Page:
When Polio Was Personal
I’ll never forget my first day of kindergarten. A week before school started, I broke my leg. With a cast on my leg and with the help of crutches, I limped into class and became an instant curiosity/celebrity. All the other kids asked me about the cast and how I broke my leg. (A bigger kid on a bicycle accidentally ran me over while we were playing on the sidewalk outside his house.)
Another kid in my kindergarten class also arrived on crutches on the first day, only he had polio. Instead of a cast, he wore big, heavy metal braces on both of his skinny legs. Like me, he became an instant curiosity/celebrity, so the two of us naturally became friends, with one big difference: When my cast came off six weeks later, I walked fine. My friend never walked right.
At the time, in the 1950s, polio struck fear in the hearts of nearly everyone. A woman on our block – a friend of my mom’s and about my mom’s age –had polio and was confined to an iron lung respirator. An iron lung looks like a huge, metal cylinder attached to a gurney, and it kept people with severe polio alive by aiding their weakened muscles so they could breathe. My mom’s friend didn’t get many visitors, especially kids, because everyone was scared they might contract the dreaded disease. My mom, perhaps because she worked in a doctor’s office and understood the then-new polio vaccine or because this woman was her friend, never exhibited those fears, and she used to take me and my sister to visit her friend in the iron lung. From a five-year-old’s perspective, it was fascinating.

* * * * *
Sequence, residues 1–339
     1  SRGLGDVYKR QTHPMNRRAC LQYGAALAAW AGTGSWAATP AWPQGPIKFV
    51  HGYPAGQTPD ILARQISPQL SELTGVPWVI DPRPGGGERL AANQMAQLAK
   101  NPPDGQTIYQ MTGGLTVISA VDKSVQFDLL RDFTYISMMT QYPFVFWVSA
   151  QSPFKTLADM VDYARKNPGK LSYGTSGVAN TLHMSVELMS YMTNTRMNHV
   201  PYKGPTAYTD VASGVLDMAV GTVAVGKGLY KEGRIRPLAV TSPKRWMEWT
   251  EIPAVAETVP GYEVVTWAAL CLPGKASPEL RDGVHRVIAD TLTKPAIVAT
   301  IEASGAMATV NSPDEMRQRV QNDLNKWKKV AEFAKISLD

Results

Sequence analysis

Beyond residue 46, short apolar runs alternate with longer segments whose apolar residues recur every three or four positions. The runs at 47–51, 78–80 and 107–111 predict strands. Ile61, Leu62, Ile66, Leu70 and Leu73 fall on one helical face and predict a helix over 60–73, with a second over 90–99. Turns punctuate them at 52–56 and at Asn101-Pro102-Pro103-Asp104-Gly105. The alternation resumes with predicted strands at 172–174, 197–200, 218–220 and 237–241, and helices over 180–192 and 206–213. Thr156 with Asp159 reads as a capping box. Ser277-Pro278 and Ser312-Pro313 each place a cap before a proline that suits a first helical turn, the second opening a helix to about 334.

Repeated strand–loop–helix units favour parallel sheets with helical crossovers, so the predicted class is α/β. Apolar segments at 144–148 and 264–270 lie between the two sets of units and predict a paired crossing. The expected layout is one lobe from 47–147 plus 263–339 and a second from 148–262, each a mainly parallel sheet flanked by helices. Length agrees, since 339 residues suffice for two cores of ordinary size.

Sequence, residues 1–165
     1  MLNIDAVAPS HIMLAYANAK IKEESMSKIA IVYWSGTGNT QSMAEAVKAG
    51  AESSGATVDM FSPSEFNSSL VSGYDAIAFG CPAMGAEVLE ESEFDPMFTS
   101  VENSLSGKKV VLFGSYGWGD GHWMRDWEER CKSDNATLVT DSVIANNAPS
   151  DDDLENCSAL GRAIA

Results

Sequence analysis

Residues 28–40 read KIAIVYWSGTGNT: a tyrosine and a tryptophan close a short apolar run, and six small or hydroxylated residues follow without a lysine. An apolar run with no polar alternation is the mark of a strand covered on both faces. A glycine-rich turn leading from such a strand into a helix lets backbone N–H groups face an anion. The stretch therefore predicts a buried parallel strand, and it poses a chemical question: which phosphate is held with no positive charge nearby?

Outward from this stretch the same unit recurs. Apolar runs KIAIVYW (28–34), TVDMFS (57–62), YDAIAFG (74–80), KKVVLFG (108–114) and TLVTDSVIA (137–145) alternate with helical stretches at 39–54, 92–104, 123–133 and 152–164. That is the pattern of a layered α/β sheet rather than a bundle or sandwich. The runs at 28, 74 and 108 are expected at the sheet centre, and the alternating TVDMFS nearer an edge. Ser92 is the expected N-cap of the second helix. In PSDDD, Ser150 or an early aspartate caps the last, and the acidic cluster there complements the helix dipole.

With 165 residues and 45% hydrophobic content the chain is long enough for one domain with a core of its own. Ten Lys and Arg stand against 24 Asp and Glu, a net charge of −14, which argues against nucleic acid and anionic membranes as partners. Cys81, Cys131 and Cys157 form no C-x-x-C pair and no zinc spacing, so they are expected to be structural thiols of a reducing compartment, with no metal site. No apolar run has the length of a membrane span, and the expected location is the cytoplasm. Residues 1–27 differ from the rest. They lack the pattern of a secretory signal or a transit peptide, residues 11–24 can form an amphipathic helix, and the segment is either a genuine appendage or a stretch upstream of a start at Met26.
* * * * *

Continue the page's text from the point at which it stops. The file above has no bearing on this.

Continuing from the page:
The woman in the iron lung was always flat on her back, with just her head sticking out of the huge cylinder. A mirror placed just above her head and angled just right allowed my sister and I to see her face … and for her to see us as we chatted. We would ask a bunch of dumb questions, and she would answer in a pleasant, if labored, voice, and then she would ask us about school, our pet dog and stuff like that.
Like all of our friends, my sister and I received polio vaccine shots, and our grammar school gave every kid medicated pink sugar cubes to “booster” the polio vaccine. It must have worked because I don’t recall any of my other classmates or anyone I knew getting polio after that.
I haven’t thought much about polio since then. According to the Centers for Disease Control, the last confirmed case of polio in the United States occurred more than 35 years ago. I thought polio had been wiped off the face of the Earth. I thought wrong.
It turns out that the polio virus is still active in a handful of countries, notably pockets of Pakistan, Cameroon and Syria, and as recently as May, the World Health Organization imposed restrictions requiring travelers leaving those countries to get a polio vaccination. Ironically, just a month earlier at the INFORMS Conference on Analytics & Operations Research in Boston, the Centers for Disease Control and Prevention received the coveted Edelman Award for its ongoing and optimized efforts to eradicate polio from the planet once and for all. For more on the story, click here.